Poverty rates vary across the population according to different attributes. Children are more likely to be living in poverty than adults overall, with 37 per cent of London’s children (around 700,000) in poverty (17 per cent BHC). These figures are the same as for the previous year, remaining at their lowest level since the data series began in 1994/5. At the same time, the rates have increased nationally, so that the comparable (three year average for 2013/14-2015/16) figures for the UK are 29 per cent AHC and 19 per cent BHC. After housing costs, 42 per cent of Inner London children are living in poverty and 34 per cent in Outer London, still well above the UK figure. For some children, their experience of poverty may be relatively short term, but many children in poverty stay in poverty. More than one in five children in London are counted as being in persistent poverty.

Most children in poverty live in a working household. This does not mean that children in workless households are not in poverty – children in households with no one in work are more likely to be in poverty than those in working households. However, there are relatively few workless households with children and the overwhelming majority of children live in working households, so around two in three children in poverty across the UK live in working households.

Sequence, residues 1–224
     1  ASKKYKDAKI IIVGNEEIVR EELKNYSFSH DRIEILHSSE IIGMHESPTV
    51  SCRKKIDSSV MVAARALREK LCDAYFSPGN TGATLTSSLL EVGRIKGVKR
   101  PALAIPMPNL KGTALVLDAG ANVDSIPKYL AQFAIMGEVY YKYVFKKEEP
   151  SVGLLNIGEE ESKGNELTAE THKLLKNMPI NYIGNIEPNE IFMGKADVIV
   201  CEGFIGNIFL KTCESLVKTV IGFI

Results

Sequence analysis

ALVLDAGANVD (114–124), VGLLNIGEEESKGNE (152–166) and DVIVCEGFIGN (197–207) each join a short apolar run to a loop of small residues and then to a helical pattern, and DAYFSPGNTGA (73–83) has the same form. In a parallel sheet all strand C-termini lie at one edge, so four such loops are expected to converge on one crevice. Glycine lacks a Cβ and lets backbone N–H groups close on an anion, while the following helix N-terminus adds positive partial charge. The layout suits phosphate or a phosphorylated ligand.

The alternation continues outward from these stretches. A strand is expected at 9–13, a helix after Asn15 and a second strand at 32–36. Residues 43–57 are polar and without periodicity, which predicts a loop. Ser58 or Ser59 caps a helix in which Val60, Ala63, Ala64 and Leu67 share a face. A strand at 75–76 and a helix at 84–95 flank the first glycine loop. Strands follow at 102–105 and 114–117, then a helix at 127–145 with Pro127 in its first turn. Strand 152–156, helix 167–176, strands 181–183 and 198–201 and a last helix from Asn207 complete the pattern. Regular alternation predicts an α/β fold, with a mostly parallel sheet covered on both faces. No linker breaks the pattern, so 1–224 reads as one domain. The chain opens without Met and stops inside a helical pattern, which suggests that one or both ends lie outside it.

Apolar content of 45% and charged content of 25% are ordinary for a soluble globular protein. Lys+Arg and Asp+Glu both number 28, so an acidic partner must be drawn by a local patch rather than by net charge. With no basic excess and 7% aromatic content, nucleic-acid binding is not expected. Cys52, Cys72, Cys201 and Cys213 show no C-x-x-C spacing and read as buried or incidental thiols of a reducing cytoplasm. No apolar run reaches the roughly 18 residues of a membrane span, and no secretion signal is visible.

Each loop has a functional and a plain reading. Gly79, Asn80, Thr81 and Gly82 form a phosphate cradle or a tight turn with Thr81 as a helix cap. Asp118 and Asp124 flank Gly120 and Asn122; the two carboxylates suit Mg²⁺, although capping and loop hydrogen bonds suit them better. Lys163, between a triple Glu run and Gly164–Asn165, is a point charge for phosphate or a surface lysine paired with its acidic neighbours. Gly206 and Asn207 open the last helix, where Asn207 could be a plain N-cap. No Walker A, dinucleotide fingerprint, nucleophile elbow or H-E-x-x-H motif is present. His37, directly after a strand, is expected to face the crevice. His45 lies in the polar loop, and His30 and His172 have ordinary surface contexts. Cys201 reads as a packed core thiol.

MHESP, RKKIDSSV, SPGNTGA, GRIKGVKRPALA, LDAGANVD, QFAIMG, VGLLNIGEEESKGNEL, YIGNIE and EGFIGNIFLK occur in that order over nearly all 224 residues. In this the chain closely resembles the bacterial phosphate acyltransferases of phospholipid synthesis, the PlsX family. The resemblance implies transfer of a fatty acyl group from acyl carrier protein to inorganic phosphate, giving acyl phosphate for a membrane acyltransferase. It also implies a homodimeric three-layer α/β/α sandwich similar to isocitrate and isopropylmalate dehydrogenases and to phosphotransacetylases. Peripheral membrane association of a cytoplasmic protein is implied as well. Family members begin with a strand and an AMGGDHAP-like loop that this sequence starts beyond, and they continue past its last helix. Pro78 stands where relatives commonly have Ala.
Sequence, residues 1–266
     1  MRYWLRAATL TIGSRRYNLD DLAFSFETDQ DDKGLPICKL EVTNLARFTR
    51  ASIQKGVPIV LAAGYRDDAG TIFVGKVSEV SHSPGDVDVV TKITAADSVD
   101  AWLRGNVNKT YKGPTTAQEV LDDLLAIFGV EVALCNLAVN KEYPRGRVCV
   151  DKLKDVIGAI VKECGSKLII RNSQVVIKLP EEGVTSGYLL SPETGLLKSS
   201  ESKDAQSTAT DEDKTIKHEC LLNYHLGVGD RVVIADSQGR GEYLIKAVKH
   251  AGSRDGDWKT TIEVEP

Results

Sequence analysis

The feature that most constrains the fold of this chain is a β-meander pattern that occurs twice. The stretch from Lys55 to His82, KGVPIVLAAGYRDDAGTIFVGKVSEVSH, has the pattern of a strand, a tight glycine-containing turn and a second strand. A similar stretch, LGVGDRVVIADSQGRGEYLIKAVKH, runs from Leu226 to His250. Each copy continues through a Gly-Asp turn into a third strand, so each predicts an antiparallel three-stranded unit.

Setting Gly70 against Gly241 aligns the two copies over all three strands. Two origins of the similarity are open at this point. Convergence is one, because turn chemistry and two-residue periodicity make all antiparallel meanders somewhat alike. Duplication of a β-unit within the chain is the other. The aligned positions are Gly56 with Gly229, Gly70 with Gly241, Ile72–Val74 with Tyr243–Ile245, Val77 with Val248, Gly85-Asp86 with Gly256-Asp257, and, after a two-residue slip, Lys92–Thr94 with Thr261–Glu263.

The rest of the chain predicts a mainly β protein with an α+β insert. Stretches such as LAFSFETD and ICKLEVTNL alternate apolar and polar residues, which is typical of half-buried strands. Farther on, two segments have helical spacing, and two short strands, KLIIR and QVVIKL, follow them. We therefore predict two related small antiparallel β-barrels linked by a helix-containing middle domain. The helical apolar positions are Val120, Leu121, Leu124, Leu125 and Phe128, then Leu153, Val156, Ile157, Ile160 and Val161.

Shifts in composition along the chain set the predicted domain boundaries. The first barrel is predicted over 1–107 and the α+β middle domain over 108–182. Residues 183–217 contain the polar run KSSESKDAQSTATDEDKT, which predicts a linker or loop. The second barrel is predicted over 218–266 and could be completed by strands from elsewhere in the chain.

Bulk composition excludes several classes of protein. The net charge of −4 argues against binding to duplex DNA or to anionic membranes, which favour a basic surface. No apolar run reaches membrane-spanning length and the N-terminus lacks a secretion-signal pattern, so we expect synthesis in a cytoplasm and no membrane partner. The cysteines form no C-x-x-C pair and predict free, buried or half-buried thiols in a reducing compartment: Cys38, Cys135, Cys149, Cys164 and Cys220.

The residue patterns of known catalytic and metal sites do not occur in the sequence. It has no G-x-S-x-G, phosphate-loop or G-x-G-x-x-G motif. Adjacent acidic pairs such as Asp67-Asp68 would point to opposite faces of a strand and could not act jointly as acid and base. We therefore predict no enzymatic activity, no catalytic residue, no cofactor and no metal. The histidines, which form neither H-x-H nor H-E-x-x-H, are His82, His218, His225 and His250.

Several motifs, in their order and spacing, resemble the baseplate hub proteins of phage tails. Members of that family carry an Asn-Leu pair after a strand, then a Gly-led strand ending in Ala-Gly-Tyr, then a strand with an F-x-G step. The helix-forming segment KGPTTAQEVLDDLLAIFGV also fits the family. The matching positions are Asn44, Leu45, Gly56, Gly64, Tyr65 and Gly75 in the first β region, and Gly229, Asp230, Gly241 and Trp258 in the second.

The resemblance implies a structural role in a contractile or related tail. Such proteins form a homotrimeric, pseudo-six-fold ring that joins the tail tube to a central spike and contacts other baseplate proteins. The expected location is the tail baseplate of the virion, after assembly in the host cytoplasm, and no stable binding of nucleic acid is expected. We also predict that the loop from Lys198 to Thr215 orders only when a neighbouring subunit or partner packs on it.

Material deprivation – when people cannot afford what are commonly regarded as essentials for life in Britain – affects many London children. Low income and material deprivation affects one in eight, while the level of severe low income and material deprivation is lower, at around one in twenty. This nevertheless translates to over 100,000 of the capital’s children living in families with income below half of that of the average family and going without the normal necessities.

Low income and material deprivation levels among children by region: (three year average) 2013/14 to 2015/16

Poverty among working age people in the UK has shown relatively little change over twenty years. In London, the poverty rates for this age group have hovered around one in four, which is well above the national figure. This represents 1.4 million working age Londoners living in relative poverty after taking their housing costs into account. Around half of working age Londoners in poverty might be classified as in persistent poverty.

Working age poverty rates in London and UK: 2013/14-2015/16

High housing costs also make London pensioners more likely to be in poverty. In contrast, in the rest of the UK, pensioners are more likely to be counted as in poverty using the before housing costs measure than after housing costs are taken into account. Almost one in five people over retirement age living in London has income below the poverty line. Around half this number (one in ten) are classified as in persistent poverty, having been counted as living in poverty in at least three years out of the last four.

Material deprivation among older Londoners is much higher than in other parts of the UK, with 14 per cent of all pensioners in London unable to afford or being prevented by health or disability issues or social isolation from having such necessities as a damp-free home, access to a telephone or having hair cut regularly. This rises to 21 per cent in Inner London.

Material deprivation levels among people of pensionable age by region: (three year average) 2013/14 to 2015/16

For further analysis and detailed definitions, see the GLA Intelligence Update at

[1] Adjusted for household size and composition